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The cycle won't break until people realise the consequences of living like this. At least in the UK, at the moment people think that the Government won't "let it happen" to them

Arguably, by standing in the way of the needed correction and by hobbling the economy with bailout-debt and red-tape, the government is making it happen to them.

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Well I was out there in April and that ties up with what I discovered.

Everything seemed so expensive (£4 for the cheapest shampoo and £1.50 for a Mars Bar)

We spent £200 on shopping for 7 people's food for a few days, and I reckon the same stuff here would have been under £100 in any of our supermarkets.

We stayed with Australian friends and when I asked them about how people could afford such prices the reply was 'credit cards'.

Someone once summed Australia up to me very well. They described it as 'Nowhere near as good as Australian's think it is'.

That's spot on as far as I'm concerned. A classic case in point was that our friends were from South Australia, and were having to put up with rolling power cuts in Adelaide because the Aussies can't/won't invest in power stations.

Yes, it's sunny, but for me there's very little to make it a desirable place to live. One of the worst parts of course is that it's just so damned far to anywhere else.

Was having a messenger conversation with an Aussie friend on this very subject just last week. I was staggered at how much food was there. Basic stuff; potatoes (the cheapest you could buy) were three or four times what we pay; meat was more expensive - turkey you can barely even get it's so pricey; Salmon is the equivalent of £15 a kilo; ground coffee was some outrageous price like 40 bucks a kilo or something stupid like that.

Conversely, sh1t is virtually given away. A large pizza - delivered - was the equivalent of 4 quid - and Tuesdays you get 2 for 1.

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Well I was out there in April and that ties up with what I discovered.

Everything seemed so expensive (£4 for the cheapest shampoo and £1.50 for a Mars Bar)

We spent £200 on shopping for 7 people's food for a few days, and I reckon the same stuff here would have been under £100 in any of our supermarkets.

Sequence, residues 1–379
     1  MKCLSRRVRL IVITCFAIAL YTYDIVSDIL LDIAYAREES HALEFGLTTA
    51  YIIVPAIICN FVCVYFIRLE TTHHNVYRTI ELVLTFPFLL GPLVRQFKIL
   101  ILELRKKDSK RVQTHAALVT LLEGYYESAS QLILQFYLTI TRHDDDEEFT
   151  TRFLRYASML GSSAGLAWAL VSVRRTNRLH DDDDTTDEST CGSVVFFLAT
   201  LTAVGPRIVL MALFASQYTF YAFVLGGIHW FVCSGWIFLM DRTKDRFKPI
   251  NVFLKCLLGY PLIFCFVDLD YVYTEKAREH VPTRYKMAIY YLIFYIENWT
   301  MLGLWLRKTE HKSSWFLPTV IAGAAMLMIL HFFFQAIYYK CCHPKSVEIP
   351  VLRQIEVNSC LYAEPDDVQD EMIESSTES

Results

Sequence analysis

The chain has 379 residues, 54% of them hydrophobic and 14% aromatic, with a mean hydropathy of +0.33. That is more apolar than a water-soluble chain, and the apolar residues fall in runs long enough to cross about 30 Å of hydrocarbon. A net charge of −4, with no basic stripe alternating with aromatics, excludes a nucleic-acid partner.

We stayed with Australian friends and when I asked them about how people could afford such prices the reply was 'credit cards'.

Someone once summed Australia up to me very well. They described it as 'Nowhere near as good as Australian's think it is'.

That's spot on as far as I'm concerned. A classic case in point was that our friends were from South Australia, and were having to put up with rolling power cuts in Adelaide because the Aussies can't/won't invest in power stations.

Yes, it's sunny, but for me there's very little to make it a desirable place to live. One of the worst parts of course is that it's just so damned far to anywhere else.

I agree, we lived in Australia for several years, and it is a very expensive place to live, especially for basic living costs.

And those power cuts are no fun in Adelaide, when temperatures reach over 40c there in summer.

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Why the hell have people been so damn stupid?; thinking that the good times would continue for ever? And still a sizeable majority think that we'll all sail away from this mess with nothing more than a slightly tricky 6 months of economising etc. We need TOTAL change, and prepare ourselves for life with half the income we may have previously enjoyed.

I have instigated a complete LOCK DOWN on family spending, and am buying gold coins (and a wide range of other tin foil hat measures) to ensure that we can survive the next decade.

Aussies - wake up and prepare for years of pain.